SAP standard texts, or SO10 texts, are probably one of the most-used text types in SAP systems. They are easy to use for end-users and developers alike, and they can hold shorter as well as longer texts. They are also a very strange breed – especially from the point of view of someone dealing with translations, there is nothing “standard” about them.
A Text Less Ordinary
SO10 texts are base SAPscript, which has been around for many years. But unlike other SAPscript texts, such as F1 help texts, or most SAP user interface texts, every SAP standard text only exists in a single language. To translate it, there is no preexisting slot that you can fill with a translation – you simply create a new SO10 text with the same name, but in another language. This is very different from how most other SAP texts work, which is why SAP’s standard transaction for editing translations, SE63, does not support them.
If you want to translate an SO10 text using SAP Standard tools, you simply open the source text in display mode, and in a second window, you create a new text in the target language, with the same name as the original text. Then you enter your translation into that window. There is no translation memory to support you and propose matching translations that were entered before, and no quality-of-life features exist, such as spell-checking. And once you have saved your translation, and you want to transport it to another system, the next challenge awaits.
Transporting the Untransportable
SAP standard texts are not integrated into the SAP transport system. When you create an SO10 text, you are never prompted for a transport request. And if you want to transport an SO10 text, you have to manually enter it into a transport request, like this:
There are a few tools available in the SAP Standard to make this process easier (take a look at report RSTXTRAN, for example), but the fact that transport these texts is so convoluted illustrates that they are best used in an environment where they are not intended to be transported regularly.
SO10 Texts in Adobe Forms
Maybe the most common use case for SAP standard texts is custom forms, particularly in Adobe PDF forms. It’s easy to see why – SO10 texts look like an ideal container for longer, static texts that you may want to print on forms, such as a footer text or a legal text on a purchase order, for example. And for texts that you want your end-users to enter or modify, SO10 texts are indeed a very good option. These kinds of texts are rarely transported, and they don’t necessarily have to be translated – which means this technology’s two weakest points are out of the picture. A typical use case for this type of thing would be a custom framework that lets users adapt forms to fit their needs, but those user-created texts are only visible to the user who created them.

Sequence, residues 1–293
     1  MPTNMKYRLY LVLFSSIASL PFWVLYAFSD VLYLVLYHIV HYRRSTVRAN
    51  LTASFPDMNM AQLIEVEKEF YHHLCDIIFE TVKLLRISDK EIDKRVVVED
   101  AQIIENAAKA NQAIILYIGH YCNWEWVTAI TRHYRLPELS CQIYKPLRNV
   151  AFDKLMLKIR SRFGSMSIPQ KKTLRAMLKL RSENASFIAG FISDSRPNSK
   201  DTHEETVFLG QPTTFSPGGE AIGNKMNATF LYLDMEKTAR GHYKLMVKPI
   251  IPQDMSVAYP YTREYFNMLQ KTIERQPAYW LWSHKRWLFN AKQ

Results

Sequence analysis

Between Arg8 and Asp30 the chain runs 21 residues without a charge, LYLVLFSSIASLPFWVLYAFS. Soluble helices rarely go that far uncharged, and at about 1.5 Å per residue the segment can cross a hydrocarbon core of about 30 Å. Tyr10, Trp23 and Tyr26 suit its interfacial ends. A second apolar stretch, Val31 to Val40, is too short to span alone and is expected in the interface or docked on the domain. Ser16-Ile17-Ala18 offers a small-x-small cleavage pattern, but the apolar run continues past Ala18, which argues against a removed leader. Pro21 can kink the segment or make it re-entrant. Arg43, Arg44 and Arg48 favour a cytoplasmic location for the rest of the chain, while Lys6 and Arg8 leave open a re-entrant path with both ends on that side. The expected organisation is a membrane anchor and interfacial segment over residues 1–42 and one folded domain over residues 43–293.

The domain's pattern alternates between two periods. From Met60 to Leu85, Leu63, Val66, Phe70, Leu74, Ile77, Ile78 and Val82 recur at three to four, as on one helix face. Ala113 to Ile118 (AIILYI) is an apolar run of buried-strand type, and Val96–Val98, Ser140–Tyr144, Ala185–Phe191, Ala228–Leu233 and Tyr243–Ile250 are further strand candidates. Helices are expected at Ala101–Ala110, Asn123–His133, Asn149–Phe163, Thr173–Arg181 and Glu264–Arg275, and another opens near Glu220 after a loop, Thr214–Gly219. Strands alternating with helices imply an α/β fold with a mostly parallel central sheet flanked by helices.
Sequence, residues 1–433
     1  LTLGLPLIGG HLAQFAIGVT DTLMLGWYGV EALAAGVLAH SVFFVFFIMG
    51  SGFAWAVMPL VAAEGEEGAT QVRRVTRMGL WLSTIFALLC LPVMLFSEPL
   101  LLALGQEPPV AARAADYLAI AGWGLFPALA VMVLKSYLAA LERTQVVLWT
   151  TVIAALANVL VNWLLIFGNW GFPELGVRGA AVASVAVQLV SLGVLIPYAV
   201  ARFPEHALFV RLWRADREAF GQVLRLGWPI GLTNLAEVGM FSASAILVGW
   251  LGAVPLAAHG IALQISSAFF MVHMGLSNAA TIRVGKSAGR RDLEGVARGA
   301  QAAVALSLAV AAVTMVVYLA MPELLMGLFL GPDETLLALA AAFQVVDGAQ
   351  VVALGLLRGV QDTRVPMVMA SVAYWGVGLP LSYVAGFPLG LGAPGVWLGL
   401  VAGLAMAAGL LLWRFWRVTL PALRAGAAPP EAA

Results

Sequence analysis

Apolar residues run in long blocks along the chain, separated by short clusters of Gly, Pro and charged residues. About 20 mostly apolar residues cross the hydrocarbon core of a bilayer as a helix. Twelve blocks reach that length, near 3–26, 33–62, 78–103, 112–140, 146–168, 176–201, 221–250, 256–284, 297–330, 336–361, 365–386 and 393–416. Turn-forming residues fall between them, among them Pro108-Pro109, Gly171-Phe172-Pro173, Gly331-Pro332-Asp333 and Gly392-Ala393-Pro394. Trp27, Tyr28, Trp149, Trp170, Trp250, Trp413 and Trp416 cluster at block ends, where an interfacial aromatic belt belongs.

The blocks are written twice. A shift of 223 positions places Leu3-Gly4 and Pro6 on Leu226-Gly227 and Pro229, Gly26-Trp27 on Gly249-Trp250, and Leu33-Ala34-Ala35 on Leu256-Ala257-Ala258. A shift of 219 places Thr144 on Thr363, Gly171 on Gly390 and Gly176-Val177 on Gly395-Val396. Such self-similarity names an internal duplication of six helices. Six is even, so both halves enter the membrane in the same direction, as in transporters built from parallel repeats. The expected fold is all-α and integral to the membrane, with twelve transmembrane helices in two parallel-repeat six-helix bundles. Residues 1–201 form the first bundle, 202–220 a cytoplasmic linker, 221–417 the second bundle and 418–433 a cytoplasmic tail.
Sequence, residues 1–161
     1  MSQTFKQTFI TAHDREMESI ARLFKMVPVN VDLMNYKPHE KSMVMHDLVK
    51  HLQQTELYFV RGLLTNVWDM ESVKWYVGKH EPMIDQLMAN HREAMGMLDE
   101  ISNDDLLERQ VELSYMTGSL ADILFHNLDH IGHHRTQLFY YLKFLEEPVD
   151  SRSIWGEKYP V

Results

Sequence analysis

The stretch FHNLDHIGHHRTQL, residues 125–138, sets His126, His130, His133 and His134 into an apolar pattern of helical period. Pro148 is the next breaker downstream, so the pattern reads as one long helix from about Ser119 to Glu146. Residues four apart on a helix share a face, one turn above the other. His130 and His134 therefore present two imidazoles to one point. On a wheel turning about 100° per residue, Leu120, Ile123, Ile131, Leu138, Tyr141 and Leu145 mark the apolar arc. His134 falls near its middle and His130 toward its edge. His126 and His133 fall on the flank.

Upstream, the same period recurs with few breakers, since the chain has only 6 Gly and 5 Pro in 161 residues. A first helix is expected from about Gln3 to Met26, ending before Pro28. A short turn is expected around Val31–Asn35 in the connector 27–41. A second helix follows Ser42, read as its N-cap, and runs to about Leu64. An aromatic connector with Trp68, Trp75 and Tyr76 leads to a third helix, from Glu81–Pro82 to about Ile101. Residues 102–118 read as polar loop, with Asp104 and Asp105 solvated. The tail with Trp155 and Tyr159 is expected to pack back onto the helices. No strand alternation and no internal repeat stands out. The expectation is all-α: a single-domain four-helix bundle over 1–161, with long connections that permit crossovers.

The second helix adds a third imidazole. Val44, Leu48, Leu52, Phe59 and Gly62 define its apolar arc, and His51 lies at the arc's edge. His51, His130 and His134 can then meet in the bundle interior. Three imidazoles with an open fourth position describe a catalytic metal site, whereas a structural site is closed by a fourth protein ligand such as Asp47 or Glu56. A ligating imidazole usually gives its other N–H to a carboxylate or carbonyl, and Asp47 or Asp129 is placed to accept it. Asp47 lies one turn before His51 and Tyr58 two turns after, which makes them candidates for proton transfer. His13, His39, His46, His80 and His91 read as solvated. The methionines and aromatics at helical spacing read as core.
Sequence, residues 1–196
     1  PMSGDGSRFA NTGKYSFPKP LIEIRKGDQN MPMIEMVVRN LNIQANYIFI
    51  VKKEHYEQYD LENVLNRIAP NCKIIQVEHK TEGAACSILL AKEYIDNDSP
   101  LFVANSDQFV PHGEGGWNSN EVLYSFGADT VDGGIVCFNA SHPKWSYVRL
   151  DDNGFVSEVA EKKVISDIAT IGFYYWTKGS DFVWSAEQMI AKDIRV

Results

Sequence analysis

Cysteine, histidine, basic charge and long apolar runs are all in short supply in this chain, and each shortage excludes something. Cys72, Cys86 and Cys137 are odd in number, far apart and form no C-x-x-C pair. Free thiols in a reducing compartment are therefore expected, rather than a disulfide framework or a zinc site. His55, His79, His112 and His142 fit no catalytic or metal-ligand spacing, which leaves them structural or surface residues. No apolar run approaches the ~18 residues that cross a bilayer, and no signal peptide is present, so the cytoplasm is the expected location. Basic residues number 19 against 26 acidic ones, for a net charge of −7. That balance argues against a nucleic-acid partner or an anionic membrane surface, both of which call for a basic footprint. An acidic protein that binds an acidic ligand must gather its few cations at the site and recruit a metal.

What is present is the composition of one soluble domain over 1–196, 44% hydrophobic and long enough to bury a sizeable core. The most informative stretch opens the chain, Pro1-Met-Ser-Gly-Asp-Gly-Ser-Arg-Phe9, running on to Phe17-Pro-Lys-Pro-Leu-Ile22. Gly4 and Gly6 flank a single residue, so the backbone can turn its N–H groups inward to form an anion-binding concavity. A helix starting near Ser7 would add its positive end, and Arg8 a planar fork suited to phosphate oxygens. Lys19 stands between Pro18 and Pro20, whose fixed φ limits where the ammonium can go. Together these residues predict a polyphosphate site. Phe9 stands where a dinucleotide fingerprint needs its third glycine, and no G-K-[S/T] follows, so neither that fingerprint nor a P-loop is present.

For typical developments, however, resisting the urge to put all your texts into standard texts is probably a good idea. Developments will need to be transported, and when custom forms are rolled out to other countries, they may also need to be translated. The missing integration into the transport system is bound to generate extra work, and once you tackle translation, it will become abundantly clear that storing your texts elsewhere is preferable. If you have ever spent a day copying and pasting SO10 texts manually so you can send them to a translator, you will know what I am talking about.
SO10 Alternatives and Best Practices for Adobe Forms
The best place to store shorter texts that you want to print on a form is probably a custom table. I like using cross-client tables of class C for this purpose. This kind of table is easily integrated into any translation process, and it is supported by SE63 as well as any tool for exporting translations, such as our own LUDECKE Translation Manager. For longer texts, text modules (transaction SMARTFORMS) can be a good option, since they are support by transaction SE63 as well as any other tools that use the SAP Standard translation environment. These are texts that can exist in more than one language, and they can easily be transported.
But what if you have already created hundreds of SO10 texts, and now need to translate them? That is when you turn to third-party tools such as LUDECKE Translation Manager (LTM, which recently added support for exporting SO10 texts to XLIFF, an XML-based format that is supported by almost every translation industry tool. Of course, LTM can also help if you followed the above recommendations and mostly avoided using SO10 texts, but even if your implementation relies heavily on SO10 texts, LUDECKE Translation Manager is here to help you out.
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